New York Public Radio– The Docket: The Tessa Majors Case and the State of New York’s Juvenile Justice System

January 30, 2020 · by Danny Lewis

The stabbing death of Barnard freshman Tessa Majors on December 11, 2019 was jarring for many New Yorkers, especially because murder rates in the city have been declining. The story took another turn Now, a grand jury has reportedly been impaneled to decide whether two 14-year-old boys should be charged as well.

When a 13-year-old boy was arrested and charged with helping rob her — followed by the arrest of two 14-year-olds, who are awaiting the results of a grand jury — the media and law enforcement officials drew comparisons to the 1989 Central Park Jogger case, in which five young black and Latino teenagers were wrongfully convicted, due in large part to sensationalist media coverage.

That history has influenced how some reporters have approached the current case, including Eileen Grench, who covers juvenile justice for the news site The City.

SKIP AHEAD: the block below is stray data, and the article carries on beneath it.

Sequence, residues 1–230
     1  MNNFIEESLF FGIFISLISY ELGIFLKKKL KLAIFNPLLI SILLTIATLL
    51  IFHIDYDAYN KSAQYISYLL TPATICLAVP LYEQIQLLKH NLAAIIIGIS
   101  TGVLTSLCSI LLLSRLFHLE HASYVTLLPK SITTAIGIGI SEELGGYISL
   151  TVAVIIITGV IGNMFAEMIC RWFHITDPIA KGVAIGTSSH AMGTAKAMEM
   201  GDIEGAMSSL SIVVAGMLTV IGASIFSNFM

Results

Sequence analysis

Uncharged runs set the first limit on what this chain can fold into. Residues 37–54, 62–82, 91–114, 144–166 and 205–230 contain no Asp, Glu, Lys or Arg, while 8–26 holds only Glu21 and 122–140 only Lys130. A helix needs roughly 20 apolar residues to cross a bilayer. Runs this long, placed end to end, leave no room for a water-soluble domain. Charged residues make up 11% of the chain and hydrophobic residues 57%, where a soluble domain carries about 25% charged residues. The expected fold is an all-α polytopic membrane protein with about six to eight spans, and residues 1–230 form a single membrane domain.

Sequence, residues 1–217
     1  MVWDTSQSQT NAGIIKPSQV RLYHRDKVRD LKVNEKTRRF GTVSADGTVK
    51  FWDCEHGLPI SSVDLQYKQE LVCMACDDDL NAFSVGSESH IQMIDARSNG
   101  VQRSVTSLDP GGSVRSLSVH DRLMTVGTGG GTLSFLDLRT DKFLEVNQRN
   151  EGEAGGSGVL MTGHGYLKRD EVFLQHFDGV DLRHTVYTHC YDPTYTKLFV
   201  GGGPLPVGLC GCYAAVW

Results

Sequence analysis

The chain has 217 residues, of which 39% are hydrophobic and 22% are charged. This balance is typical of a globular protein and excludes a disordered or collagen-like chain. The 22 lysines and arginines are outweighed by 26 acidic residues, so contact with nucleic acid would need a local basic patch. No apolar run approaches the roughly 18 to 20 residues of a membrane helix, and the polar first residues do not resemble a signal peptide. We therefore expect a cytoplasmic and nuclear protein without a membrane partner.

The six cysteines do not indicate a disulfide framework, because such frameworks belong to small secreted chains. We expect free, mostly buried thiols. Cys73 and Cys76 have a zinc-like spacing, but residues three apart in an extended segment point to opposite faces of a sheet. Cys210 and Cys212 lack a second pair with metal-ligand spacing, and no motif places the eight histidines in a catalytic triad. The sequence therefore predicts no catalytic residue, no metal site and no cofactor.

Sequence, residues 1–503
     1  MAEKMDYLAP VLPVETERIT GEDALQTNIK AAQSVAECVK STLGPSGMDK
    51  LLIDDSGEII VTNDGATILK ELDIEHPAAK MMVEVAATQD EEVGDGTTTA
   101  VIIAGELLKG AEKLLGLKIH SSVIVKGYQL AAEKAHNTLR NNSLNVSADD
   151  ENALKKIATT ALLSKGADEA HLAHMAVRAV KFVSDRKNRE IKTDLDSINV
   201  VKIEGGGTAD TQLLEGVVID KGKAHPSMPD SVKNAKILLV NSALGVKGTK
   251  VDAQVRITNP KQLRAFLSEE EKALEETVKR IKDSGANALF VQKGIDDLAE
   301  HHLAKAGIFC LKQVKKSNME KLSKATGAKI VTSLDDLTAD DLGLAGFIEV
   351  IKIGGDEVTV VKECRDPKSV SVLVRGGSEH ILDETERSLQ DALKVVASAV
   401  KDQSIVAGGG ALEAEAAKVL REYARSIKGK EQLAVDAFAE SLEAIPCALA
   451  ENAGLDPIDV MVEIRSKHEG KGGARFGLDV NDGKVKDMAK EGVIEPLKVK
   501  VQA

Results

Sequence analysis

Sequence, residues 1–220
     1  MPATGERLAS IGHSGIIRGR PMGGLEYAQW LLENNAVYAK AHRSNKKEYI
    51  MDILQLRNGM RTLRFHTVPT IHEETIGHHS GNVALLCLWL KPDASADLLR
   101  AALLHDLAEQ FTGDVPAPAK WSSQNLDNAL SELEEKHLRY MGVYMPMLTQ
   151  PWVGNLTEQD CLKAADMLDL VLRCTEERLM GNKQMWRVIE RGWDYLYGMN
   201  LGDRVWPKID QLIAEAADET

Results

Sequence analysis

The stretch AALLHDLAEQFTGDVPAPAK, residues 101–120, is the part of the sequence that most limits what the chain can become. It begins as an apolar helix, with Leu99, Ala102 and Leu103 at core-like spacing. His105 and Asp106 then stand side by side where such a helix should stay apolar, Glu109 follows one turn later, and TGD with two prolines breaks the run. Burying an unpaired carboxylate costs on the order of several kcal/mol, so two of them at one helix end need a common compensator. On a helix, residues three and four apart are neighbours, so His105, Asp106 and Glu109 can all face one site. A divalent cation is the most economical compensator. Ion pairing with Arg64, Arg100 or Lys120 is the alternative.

“The language they used and the pressures they were under led journalists to throw wood on the fire of racial tensions,” Grench told WNYC’s Jami Floyd. She said that a a reporter who covered the Central Park Five at the time told her that “it was one of the greatest regrets of their life.”

The case is also a test for New York’s recently-enacted Raise The Age law, which barred the state from automatically prosecuting 16- and 17-year-olds as adults. Jeffrey Butts, who leads John Jay College’s Research and Evaluation Center, told Floyd that this is the exact kind of case that the law’s critics could use as leverage to reverse it.

“The Raise the Age law actually was enacted at a time when crime had been coming down,” Butts said. “My concern is what happens if those numbers start to climb again.”

Full conversation:

The Docket is our series in which WNYC’s All Things Considered host Jami Floyd takes a deep dive into the American legal system.